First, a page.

Dandelion begins his tale. Long ago, El-ahrairah and his followers were driven by enemies to the marshes of Kelfazin, a dreary place with scarce food and ground unsuitable for digging. El-ahrairah complained to Prince Rainbow, Frith’s messenger, but Prince Rainbow replied only that El-ahrairah had made so many enemies that there was nowhere left to live but the marsh. El-ahrairah, desperate for a way out, asked Prince Rainbow if they’d be set free if they could steal lettuces from King Darzin’s garden. Prince Rainbow, knowing how difficult the task would be, agreed with a laugh to let El-ahrairah free and “multiply [his] people everywhere” if he pulled the heist off.
Dandelion’s story—which starts in a place of hardship, statelessness, and scarcity—sets up a picture of the world the rabbits move through as one which has always been harsh and unforgiving. In rabbit folklore, rabbits are always being hunted, victimized, and put-upon, often by their creators. In this way, the rabbit mythology mirrors a good deal of human mythology: these stories exist as a kind of guidebook through grief, pain, and suffering.
A hedgehog, Yona, had overheard this business between Rainbow and El-ahrairah, and ran to the palace to warn the King. Darzin ordered the guard doubled. That night, El-ahrairah and his companion Rabscuttle went to the palace, but deterred by the fierce guards, returned emptyhanded to the marshes. Prince Rainbow tauntingly asked where the lettuces were, and El-ahrairah replied that he was having them delivered.
In this passage, it seems as if El-ahrairah has no way forward—yet, even in the face of defeat, he affects a cool, unbothered exterior and remains, at least outwardly, confident in his ability to outwit anyone.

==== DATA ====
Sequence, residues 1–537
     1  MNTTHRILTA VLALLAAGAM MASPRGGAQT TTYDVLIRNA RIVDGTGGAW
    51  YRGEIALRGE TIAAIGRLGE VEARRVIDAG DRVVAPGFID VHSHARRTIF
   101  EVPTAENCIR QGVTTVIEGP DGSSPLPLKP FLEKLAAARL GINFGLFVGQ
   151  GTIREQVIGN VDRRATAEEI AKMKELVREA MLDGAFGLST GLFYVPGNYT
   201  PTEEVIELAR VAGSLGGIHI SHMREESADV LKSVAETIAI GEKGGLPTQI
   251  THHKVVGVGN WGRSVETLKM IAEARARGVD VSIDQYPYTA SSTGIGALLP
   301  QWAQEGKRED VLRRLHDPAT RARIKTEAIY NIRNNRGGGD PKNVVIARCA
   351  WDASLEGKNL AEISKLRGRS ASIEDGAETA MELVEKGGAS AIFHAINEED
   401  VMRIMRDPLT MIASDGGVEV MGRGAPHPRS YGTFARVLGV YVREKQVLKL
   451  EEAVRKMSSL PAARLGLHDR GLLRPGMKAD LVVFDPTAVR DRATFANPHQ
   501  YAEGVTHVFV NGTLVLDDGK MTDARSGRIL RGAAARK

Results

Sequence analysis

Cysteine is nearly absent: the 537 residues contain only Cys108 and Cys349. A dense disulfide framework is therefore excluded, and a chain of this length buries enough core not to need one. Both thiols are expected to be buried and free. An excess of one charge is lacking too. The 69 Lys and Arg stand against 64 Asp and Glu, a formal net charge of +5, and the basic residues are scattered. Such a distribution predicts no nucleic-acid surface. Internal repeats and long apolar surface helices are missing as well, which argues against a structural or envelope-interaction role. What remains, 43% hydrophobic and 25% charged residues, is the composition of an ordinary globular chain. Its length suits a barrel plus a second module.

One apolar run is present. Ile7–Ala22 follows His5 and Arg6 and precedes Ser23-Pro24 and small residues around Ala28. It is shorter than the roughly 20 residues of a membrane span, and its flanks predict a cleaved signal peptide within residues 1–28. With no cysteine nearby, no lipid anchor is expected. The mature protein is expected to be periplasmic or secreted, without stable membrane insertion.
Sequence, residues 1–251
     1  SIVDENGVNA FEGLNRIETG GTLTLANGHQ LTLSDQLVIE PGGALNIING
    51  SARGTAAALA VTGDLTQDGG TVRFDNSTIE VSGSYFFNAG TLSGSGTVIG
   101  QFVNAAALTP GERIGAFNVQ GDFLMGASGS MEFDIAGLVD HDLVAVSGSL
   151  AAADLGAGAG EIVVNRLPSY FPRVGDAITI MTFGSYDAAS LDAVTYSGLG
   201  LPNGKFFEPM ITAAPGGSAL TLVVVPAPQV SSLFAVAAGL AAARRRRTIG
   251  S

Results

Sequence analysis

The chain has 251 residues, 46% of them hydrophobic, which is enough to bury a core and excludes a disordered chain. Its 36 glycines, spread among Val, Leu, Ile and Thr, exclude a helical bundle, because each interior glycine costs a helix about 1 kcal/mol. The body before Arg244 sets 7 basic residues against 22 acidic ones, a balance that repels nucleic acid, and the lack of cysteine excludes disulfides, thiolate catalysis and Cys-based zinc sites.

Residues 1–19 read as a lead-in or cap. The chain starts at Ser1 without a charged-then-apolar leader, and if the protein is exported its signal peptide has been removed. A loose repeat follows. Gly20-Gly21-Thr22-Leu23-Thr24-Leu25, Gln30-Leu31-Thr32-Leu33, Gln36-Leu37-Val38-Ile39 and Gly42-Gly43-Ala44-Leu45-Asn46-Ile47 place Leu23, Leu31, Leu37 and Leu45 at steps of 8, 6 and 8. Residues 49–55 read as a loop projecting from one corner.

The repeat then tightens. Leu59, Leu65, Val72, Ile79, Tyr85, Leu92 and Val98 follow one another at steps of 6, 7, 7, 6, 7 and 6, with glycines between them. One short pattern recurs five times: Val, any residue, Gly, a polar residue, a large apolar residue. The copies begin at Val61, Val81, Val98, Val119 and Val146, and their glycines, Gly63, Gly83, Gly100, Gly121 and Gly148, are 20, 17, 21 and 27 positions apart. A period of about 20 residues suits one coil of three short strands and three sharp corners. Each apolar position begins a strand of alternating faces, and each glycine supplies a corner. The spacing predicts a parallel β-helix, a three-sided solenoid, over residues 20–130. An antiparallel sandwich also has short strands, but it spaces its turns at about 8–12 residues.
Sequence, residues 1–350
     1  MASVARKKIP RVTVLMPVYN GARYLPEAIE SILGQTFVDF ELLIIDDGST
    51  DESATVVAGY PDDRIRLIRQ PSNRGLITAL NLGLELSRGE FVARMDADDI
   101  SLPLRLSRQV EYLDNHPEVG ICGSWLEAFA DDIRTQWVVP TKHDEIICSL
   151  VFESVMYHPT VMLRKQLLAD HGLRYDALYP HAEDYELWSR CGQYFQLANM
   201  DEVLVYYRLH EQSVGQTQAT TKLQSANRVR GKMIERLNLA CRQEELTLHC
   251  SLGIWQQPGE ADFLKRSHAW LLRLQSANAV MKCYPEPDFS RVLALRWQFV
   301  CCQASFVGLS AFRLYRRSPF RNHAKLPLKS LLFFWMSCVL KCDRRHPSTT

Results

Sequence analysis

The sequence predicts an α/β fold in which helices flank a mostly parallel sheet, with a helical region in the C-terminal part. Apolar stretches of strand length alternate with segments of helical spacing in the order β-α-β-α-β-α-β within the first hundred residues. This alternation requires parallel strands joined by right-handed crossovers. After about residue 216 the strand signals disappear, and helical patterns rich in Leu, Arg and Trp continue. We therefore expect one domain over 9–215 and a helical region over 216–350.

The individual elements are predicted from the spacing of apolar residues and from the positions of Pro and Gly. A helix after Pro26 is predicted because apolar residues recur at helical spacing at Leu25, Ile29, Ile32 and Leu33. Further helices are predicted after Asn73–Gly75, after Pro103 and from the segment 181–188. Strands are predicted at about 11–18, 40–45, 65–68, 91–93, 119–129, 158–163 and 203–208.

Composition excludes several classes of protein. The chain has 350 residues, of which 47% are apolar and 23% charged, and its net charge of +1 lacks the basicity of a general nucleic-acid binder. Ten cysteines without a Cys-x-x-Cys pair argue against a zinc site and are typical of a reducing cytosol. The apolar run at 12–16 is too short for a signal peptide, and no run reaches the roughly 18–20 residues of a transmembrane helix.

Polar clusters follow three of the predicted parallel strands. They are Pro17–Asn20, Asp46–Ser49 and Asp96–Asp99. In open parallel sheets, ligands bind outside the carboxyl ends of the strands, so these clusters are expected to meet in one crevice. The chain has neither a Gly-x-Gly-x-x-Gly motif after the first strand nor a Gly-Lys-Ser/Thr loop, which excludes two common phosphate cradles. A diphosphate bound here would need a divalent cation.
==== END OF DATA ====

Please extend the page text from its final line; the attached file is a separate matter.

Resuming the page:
The next day, Rabscuttle infiltrated the palace by posing as the playmate of a young rabbit. He made his way to the storerooms and poisoned the food. That night, when King Darzin and his guests ate of the lettuces, they fell ill; with each meal, they got sicker and sicker. After several days, Rabscuttle escaped from the palace and returned to the marsh—El-ahrairah, meanwhile, set to work disguising himself, pretending to be a chief physician from a faraway land. After arriving at the palace, El-ahrairah was allowed to examine the king. He told the king that the sickness came from eating the prize lettuces.
Camaraderie and solidarity are, in this story as they are in the frame story of Hazel and his friends, vital to the rabbits’ survival and ability to keep their families together. By working together, Rabscuttle and El-ahrairah take down a powerful king whose authority is hardly, if ever, questioned.
At that moment, the captain of the guard came in to announce that El-ahrairah’s people were preparing for a siege on the palace to steal the lettuces—Darzin ordered a thousand “bad” lettuces from the garden be sent to the marshes to sicken the army. That evening, back at the marsh, El-ahrairah returned home to find a stunned Prince Rainbow, who was shocked that El-ahrairah had indeed had the lettuces delivered after all. In return, Prince Rainbow let the rabbits free, and blessed them with the cunning and trickery to make it into any vegetable garden anywhere in the world.
The tales the rabbits share don’t really have morals—instead, they are designed to bolster the often-frightened rabbits’ confidence and pride in their abilities: swiftness and trickery. The world is cruel to rabbits, and hearing tales of their folk hero’s cunning inspires them to have faith in themselves even in difficult, impossible situations.